Re: Normalization, Natural Keys, Surrogate Keys

From: Tobin Harris <>
Date: Fri, 17 May 2002 10:58:35 +0100
Message-ID: <ac2k8f$mfr76$>

"Galen Boyer" <> wrote in message
> On Fri, 17 May 2002, wrote:
> > 1. By making the parent id a foreign key, it seems like you're losing
> > information in the design. More specifically, a child is related to a
> > parent, but not dependent on it for it's existance. So here, the
> > business requirements are not well comunicated through the design?
> I'm don't understand how this is different with natural keys?

The example that Pablo gave was looking at replacing a natural composite key with a single surrogate key (whilst still keeping the composite key columns in, but with a unique constraint rather than a primary key constraint). I'm just saying that the composite key is useful for indicating that there are dependencies between entities. For example:


(PK) customer_id


(PK) customer_id
(PK) order_no

rather than


(PK) order_no
(FK) customer_id

Here we can see that an order doesn't just have to be related to a customer, it can't exist without the customer existing since the customer_id is part of it's primary key. I agree that this approach is questionable though. If the order_no is unique, then this could be made the PK, with a unique constraint put on customer_id and order_no. One approach is to opt for a surrogate key if there are more than one combination of columns that could be a composite key.

> I've found that most developers, me included, know nothing of the
> natural keys (at least when we start our projects). The people that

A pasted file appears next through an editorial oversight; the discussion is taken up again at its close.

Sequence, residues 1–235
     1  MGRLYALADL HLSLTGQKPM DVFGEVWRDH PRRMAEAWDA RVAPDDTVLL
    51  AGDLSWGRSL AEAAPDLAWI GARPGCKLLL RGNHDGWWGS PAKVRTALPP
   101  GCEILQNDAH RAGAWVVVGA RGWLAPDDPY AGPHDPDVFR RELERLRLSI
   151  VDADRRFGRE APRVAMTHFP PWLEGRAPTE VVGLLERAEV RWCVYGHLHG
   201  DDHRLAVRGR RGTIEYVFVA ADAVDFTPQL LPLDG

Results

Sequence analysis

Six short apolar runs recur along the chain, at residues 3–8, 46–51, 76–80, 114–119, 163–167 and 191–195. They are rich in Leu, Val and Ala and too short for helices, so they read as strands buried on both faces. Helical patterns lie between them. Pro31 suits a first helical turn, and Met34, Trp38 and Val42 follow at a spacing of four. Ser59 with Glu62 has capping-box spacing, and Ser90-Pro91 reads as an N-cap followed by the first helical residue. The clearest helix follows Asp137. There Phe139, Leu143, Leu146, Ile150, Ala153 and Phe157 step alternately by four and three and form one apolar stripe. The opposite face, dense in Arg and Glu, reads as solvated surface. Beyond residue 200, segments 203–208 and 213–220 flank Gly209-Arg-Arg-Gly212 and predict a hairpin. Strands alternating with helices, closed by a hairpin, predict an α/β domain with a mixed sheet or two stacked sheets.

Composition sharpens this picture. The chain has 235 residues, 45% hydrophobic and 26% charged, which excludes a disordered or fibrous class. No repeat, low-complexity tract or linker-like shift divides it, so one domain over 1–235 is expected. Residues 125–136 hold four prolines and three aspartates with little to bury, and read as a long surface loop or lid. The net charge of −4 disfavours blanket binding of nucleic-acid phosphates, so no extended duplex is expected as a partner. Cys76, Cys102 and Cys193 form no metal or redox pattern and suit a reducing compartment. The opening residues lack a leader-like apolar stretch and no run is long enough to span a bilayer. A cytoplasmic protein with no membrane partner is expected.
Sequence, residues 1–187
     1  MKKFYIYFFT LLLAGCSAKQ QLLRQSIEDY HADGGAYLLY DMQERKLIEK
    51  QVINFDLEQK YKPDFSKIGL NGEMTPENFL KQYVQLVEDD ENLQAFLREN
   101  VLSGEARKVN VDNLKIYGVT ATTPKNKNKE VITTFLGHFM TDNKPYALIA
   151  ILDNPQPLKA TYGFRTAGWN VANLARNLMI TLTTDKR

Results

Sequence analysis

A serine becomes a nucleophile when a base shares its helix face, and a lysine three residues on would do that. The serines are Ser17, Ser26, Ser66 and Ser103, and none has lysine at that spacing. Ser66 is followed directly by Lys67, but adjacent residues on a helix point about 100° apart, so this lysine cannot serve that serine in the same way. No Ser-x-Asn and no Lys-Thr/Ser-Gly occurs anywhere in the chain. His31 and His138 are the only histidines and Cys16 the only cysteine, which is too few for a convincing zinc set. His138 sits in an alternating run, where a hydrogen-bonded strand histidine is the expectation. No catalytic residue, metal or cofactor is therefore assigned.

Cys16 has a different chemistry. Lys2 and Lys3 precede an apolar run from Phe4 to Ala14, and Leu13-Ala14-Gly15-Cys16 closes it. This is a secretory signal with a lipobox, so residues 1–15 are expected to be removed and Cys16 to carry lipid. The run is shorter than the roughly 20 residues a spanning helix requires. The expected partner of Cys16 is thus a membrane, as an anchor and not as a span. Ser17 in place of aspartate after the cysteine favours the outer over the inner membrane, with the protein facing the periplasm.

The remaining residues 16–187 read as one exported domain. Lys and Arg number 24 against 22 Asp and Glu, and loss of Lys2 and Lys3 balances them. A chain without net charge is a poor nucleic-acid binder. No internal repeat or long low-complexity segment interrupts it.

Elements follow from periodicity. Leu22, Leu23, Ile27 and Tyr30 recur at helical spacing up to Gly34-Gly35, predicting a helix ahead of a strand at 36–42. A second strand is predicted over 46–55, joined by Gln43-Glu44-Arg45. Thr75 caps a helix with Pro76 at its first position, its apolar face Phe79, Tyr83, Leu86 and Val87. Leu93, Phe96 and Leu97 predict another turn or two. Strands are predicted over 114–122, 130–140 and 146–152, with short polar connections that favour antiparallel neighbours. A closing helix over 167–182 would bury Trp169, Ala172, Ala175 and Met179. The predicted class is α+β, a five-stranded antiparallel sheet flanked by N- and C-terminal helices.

> know the natural keys are the client. If I start off the project with
> the design philosophy that each table has a single surrogate key and its
> name is very similar to the table, then as we move through the project,
> when we talk entities we can immediately envision and code the SQL. We
> need to join customer_table to address_table?

I don't know. The votes still out with me, but I'm not sure I like this this 'automatic' use of surrogate keys. I suppose the main reason for me is that I associate it with sloppyness, which might be a little unfair. I've seen people create autonumber keys everywhere because they can't be bothered to do any analysis, and they just need a key on the column so they can write their next line of code. However, I *can* see that there are clear benefits to this practice, but providing you do it as a design decision rather than a lazy kludge!

> We then keep the natural keys around for defining the actual unigueness
> and for display in the app so the customer can understand what she is
> seeing.

This sounds reasonable, do you put unique constraints on your 'candidate' natural key?

> But, all of this surrogate talk would mean nothing if we couldn't come
> up with the natural key when asked. The end user really matters. I
> just like to try and make it as easy as possible to get the end user a
> solid app in the time frames given. Lots of keys required to make a
> join happen is just another roadblock in the way of achieving that goal.

Hmmm. It becomes a little inpractical. I always think 'how many times am I going to write this SQL?' Usually, once it's done, it's done. If you use views, you may only have to write your awquard joins once for selects. Incidentally, I've also use the surrogate key approach sometimes, but I'm just getting opinions as to whether it's the best way.

Tobin Harris

> Galen deForest Boyer
> Sweet dreams and flying machines in pieces on the ground.
Received on Fri May 17 2002 - 11:58:35 CEST

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